Personal Stories of Gun Violence Shared at Rockville Town Hall

Personal Stories of Gun Violence Shared at Rockville Town Hall

Hundreds turn out looking for state, local answers on gun control and violence

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Rep. Lucy McBath (D-Ga.), left, and Rep. David Trone (D-Md.)

Dan Schere

One day after a fatal school shooting in Colorado, more than 370 people packed the cafeteria at Earle B. Wood Middle School Wednesday night to hear from federal and local lawmakers about efforts to stem gun violence.

The town hall style meeting outside Rockville was staged by U.S. Rep. David Trone and included comments from Rep. Lucy McBath, a newly elected Georgia Democrat, who recounted the death of her 17-year-old son who was shot in 2012 following an altercation at a gas station in Jacksonville, Florida.

“There are no safe spaces in the country anymore … we are living in a climate that has become so extremist. As my colleague said, this is a national public health crisis,” she said.

McBath was joined on a panel by state Del. Lesley Lopez, a Democrat who represents parts of Germantown and Montgomery Village, and Nate Tinbite, a John F. Kennedy High School junior who was elected as the next student representative to the Board of Education last month.

Tinbite discussed his recent activism on gun violence, including a leadership role in student walkouts to Capitol Hill with the group MoCo for Change. He said the most powerful stories he’s heard from fellow students come from those who say they don’t feel safe in school.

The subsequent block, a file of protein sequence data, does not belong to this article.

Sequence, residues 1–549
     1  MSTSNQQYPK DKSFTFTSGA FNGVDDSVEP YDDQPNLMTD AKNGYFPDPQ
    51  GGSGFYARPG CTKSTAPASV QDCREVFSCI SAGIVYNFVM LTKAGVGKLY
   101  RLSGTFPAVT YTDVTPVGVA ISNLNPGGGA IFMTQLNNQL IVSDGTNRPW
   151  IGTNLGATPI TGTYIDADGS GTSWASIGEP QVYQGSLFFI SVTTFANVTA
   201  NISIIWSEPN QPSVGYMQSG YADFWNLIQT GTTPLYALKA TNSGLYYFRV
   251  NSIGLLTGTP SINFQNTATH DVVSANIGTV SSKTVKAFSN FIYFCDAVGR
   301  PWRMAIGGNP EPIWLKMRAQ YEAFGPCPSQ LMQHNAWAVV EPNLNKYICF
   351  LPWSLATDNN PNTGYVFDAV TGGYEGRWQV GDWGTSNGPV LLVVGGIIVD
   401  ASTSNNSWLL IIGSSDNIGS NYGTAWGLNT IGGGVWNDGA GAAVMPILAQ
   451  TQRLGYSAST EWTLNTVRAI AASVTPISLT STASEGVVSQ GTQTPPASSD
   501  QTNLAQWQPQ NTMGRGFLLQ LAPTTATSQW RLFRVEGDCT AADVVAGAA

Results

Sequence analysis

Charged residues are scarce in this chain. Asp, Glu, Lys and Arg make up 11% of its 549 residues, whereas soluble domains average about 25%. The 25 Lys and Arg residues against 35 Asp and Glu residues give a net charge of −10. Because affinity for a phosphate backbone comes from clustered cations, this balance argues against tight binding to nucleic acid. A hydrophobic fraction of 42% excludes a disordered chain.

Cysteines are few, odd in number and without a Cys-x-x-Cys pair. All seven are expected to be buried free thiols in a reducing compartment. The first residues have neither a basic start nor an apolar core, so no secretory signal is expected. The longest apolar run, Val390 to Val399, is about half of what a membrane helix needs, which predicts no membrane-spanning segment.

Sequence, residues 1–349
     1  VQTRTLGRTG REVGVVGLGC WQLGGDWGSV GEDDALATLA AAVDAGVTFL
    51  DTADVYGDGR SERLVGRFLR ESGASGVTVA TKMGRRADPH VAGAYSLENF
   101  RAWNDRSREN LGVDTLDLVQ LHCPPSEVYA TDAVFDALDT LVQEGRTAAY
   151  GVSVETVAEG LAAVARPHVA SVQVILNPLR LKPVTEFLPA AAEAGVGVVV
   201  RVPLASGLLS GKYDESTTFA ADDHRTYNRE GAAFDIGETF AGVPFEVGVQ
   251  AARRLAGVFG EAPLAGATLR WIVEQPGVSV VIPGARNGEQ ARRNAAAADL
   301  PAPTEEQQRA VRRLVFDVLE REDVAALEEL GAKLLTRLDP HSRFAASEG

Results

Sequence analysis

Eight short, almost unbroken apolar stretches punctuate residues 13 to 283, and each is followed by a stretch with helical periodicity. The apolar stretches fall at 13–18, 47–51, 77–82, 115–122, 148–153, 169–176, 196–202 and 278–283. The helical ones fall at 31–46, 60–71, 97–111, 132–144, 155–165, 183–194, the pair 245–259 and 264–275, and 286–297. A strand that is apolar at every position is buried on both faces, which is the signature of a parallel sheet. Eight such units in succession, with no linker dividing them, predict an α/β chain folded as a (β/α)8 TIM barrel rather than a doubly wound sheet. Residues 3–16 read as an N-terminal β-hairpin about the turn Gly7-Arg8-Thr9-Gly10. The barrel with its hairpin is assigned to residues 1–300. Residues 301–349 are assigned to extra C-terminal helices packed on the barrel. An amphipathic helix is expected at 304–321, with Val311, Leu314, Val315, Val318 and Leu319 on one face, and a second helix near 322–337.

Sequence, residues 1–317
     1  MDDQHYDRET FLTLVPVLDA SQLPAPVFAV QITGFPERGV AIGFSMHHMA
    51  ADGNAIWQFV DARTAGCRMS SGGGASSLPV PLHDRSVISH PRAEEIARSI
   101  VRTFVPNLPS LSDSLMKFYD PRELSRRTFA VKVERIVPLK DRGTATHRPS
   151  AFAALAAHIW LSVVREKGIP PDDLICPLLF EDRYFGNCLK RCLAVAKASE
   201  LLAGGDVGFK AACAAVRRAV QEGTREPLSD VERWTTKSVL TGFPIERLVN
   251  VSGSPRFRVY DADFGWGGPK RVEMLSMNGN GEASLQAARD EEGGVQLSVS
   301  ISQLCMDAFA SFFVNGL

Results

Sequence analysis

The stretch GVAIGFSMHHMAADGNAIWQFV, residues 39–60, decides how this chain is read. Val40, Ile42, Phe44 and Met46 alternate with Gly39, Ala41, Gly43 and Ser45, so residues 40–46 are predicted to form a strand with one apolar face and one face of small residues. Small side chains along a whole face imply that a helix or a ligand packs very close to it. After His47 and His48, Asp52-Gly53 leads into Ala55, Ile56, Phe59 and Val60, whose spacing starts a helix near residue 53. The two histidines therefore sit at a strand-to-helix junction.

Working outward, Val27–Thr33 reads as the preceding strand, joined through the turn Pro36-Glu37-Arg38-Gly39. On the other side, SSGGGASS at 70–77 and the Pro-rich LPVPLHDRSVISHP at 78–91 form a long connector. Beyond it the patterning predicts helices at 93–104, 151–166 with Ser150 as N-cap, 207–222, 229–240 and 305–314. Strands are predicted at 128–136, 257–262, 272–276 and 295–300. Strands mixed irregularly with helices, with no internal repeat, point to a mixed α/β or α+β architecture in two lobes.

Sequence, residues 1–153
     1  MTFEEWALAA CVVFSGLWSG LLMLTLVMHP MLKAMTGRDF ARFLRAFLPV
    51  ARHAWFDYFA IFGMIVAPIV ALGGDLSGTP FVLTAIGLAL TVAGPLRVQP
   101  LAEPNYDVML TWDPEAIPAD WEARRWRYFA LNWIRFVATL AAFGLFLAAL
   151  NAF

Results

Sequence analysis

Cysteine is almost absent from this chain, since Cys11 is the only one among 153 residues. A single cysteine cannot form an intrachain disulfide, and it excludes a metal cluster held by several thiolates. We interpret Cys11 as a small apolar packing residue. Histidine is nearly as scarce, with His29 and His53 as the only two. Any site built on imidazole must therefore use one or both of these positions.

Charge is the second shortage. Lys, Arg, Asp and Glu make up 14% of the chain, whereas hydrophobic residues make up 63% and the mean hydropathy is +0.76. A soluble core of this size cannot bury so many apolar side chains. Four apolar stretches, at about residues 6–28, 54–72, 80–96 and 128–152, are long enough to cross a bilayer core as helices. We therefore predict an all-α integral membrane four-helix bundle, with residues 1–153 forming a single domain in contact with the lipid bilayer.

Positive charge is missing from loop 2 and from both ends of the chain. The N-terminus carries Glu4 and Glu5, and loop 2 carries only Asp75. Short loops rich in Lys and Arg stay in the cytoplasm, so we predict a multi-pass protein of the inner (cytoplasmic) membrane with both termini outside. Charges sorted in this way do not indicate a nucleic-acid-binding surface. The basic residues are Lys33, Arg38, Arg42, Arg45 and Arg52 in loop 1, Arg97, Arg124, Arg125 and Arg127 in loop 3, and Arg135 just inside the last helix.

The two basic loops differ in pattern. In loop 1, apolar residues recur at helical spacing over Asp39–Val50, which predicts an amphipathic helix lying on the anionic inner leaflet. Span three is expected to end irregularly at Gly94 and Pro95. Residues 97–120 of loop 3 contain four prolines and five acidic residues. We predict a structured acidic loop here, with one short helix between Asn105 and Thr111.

“When I was at my friend’s house, we heard gunshots in the near distance. And when I asked him about it, he said, ‘it’s normal,’” Tinbite said.

Lopez said she survived a school shooting when she was in elementary school in San Bernardino, California, after a man in a neighboring apartment complex began shooting at her classmates. One student, she said, was seriously injured.

“I remember looking out on the playground and seeing a bunch of my classmates just running. Just helplessly, hopelessly running. And that’s what I think about as a legislator. No child should feel that way,” she said.

Lopez, a freshman member of the legislature, chaired a working group this past session on gun legislation.

During Wednesday’s forum, she was asked by Andrea Chamblee, the widow of John McNamara, a journalist who was one of five killed last year at the Capital Gazette in Annapolis, why legislation failed this year that would have instituted background checks for private sales of long guns.

Lopez said the bill passed the House of Delegates but ultimately failed in the Senate because it was not prioritized by Sen. Bobby Zirkin, a Baltimore County Democrat and chair of the Judicial Proceedings Committee.

“We knew it was going to have a tough time in the Senate,” she said.

Lopez also said that in Maryland, gun violence is often wrongly perceived as a “Baltimore City issue” that doesn’t exist in other parts of the state. But last year’s shootings at the Capital Gazette and at a high school in St. Mary’s County disprove that.

At the federal level, Trone touted the House’s passage of a bill that would institute universal background checks for the first time in 25 years. However, in an interview, Trone said he was not optimistic about its chances to become law, despite his claim that 85% to 90% of Americans would support it.

“I’m afraid it’s going to go to the Senate graveyard. We need different leadership in the Senate, and the president won’t support it either,” said Trone, whose congressional district includes parts of northern Montgomery County and Western Maryland,.

Dan Schere can be reached at Daniel.schere@bethesdamagazine.com

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